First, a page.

Deathstroke has become the Fastest Killer Alive and Wally West is on his trail. He's also the chattiest, explaining to Wally, aka The Flash, the deal he made with Dick Grayson several years ago, one centred on his daughter Rose.
Here and now, Wally's friends in the Titans, and the Teen Titans, try to stop the other Wally West, Kid Flash, from feeling guilty about his part in Deathstroke gaining super-speed. Well, some try to make him feel better.
Big Wally, realising he can't stop Deathstroke right now - his super-speed isn't the usual advantage - zags rather than zigs, tracking done his foe's surviving son, Jericho.
As for Slade, he's hellbent on travelling into the past and stopping his other son, Grant, dying in battle with the Titans - but not before he ties up existing business, post haste.
Part 3 of The Lazarus Contract fair sizzles, moving Deathstroke's time travel plot forward while filling in bits of the past. We get more flashbacks of Life with the Wilsons (it wasn't the Brady Bunch) and see that Rebirth Jericho is a lot more stylish than the original, pre-Crisis guy, with his perm/sideburns head ensemble and ridiculous costume. The new outfit isn't great - he looks like a Madman cosplayer, and the Grifter-style mask is way too Daddy Slade - but at least he no longer looks like a refugee from the Bolshoi Ballet.
I do prefer Eighties' Jericho's mode of communication. He got past muteness by signing, teaching his fellow Titans American Sign Language; new Joe Wilson can, apparently text super-fast.
Mind, this does give letterer Willie Schubert a chance for some fancy footwork, as the text translates to word balloons.
Willie Schubert! Where have you been? A couple of decades back he was a regular name in the comics, his slanted fonts as distinctive as the work of Tom Orzechowski or Bob Lappan. And it made me smile so much to see him on this comic. Reading around the web, he does look to be the regular Deathstroke guy. I hope Willie's cheery choices stick around the DCU.
The other big visual treat this issue is the art, which begins with breakdowns by Larry Hama. He's best known for his writing on the likes of GI Joe, and while I knew he'd drawn a few comics, I'd never seen any of his continuity work. Well, wow - the storytelling is wonderful, and if DC don't sound out Hama on a speedster strip, they're missing a trick; just look how well he draws folk running.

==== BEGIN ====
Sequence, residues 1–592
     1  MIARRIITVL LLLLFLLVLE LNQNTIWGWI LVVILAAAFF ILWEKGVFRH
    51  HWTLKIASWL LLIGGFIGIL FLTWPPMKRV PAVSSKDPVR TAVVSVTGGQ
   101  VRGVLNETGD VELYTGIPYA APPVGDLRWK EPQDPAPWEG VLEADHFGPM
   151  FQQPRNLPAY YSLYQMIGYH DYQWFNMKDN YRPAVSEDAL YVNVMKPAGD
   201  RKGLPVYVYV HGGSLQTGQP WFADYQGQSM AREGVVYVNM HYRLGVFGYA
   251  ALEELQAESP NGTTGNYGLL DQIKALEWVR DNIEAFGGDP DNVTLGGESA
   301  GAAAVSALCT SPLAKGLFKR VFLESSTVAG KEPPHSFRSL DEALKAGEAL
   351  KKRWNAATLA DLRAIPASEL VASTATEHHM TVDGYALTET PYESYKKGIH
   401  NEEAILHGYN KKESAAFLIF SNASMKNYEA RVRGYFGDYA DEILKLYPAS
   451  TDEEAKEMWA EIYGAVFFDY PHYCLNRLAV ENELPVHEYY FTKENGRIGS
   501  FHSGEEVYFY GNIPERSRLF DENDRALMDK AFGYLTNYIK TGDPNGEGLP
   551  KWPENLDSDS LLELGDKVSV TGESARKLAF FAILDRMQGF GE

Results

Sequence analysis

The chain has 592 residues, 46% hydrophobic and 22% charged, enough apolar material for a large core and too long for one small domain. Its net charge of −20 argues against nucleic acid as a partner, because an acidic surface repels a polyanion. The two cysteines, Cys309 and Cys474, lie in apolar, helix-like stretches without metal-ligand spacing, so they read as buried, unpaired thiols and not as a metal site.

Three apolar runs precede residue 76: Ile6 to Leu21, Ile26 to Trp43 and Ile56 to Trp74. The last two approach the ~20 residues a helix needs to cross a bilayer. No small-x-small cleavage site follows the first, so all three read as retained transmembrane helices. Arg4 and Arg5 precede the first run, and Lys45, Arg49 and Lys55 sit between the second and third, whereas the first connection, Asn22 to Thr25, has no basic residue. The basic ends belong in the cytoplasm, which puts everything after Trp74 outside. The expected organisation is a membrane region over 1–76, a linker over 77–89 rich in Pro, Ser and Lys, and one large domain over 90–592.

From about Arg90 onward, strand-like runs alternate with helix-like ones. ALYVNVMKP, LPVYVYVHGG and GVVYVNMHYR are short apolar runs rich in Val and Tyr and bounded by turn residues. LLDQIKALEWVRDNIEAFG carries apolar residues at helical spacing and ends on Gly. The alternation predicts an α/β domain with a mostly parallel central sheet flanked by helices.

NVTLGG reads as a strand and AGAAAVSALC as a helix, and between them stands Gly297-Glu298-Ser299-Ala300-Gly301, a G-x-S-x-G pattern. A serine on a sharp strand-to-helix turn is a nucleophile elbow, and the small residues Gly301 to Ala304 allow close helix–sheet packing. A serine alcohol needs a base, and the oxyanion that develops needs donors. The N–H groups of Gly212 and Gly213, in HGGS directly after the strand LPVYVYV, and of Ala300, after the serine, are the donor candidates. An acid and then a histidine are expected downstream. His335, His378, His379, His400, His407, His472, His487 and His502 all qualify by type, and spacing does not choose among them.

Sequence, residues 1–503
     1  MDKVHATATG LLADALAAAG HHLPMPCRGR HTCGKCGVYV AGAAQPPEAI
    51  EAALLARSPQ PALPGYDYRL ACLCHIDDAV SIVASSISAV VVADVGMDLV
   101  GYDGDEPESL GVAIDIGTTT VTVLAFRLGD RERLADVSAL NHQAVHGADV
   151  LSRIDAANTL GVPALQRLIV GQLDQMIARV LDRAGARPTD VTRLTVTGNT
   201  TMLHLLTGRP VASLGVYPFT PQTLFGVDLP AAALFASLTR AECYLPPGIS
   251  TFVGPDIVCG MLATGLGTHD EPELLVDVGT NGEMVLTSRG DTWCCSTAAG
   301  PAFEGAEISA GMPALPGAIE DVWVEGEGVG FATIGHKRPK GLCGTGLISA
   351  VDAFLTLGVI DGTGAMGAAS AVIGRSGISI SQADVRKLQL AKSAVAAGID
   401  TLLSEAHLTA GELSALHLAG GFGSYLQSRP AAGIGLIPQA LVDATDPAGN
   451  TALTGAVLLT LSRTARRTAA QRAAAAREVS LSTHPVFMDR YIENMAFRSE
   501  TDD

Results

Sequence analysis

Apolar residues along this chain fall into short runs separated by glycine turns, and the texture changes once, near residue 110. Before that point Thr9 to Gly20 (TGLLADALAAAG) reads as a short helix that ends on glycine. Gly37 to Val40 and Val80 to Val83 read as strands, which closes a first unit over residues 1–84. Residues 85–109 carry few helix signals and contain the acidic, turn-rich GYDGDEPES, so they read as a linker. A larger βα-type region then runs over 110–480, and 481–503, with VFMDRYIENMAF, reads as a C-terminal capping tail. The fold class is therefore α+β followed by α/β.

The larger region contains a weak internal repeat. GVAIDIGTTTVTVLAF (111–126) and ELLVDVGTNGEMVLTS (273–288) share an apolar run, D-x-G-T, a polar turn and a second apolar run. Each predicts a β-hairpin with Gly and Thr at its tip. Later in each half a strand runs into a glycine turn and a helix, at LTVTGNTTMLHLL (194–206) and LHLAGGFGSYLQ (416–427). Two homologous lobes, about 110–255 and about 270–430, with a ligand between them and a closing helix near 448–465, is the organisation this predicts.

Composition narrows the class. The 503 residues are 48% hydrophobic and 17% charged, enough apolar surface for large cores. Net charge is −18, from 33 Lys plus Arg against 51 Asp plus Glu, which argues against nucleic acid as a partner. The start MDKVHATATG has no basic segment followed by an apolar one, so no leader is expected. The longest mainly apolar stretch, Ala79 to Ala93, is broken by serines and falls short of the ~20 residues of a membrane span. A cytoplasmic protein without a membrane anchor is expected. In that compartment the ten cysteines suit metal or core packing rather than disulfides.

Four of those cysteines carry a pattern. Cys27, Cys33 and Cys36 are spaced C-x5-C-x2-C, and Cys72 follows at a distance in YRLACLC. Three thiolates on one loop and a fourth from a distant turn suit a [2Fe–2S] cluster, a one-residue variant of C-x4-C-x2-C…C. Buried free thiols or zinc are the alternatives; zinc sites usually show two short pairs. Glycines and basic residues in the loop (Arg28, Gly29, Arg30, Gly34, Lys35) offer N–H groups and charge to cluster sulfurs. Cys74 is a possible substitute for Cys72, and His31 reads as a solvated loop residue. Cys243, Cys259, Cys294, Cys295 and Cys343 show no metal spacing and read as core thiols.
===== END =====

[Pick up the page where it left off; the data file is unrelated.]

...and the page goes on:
Working from his layouts are penciller Carlo Pagulayan with Roberto J Viacava, and then in come inkers Jason Paz with Sean Parsons. So many names point to a rush job but this is a great-looking book; it could be that the talents of colourist Jeromy Cox smooth out the odd rough edge, but the basics have to be pretty good.
The always excellent Priest provides the script, ensuring we get plenty of insight and characterisation along the way.
Given that Dick took Deathstroke's deal shortly after his first meeting with them, am I right in guessing that the Judas Contract never happene? If Slade agreed to stay away from the Titans, that leaves no room for the story featuring Terra, that buck-toothed Lolita of lunacy. Dumping such a beloved tale from the working canon seems odd, but it does leave room for an introduction down the line - or the addition to a Titans team of Power Girl's pal Atlee, who's been a pretty great Terra these last few years. Also, Wally says Jericho doesn't know him, so there you go.
As for the ongoing DC Rebirth mystery, it's barely touched on but we do see that Deathstroke is blaming the wrong person.
I'm not a Deathstroke fan by any means, but I do like Wintergreen, the anti-Alfred. There has to be an untold team-up in the past of the two batmen...
The covers are both decent but neither knock me out. The third of Mike McKone's connecting images, coloured by Alex Sinclair, is good, but the busy background means nothing really pops. Ivan Reis's variant, meanwhile, with colours by Hi-Fi, has a decent Deathstroke, but the tiny Titans are lost amidst the colourful crackle.
The story concludes in Teen Titans Annual #1 next week, and I'm hoping for a climax that has lasting effects for our heroes and villain. See you there?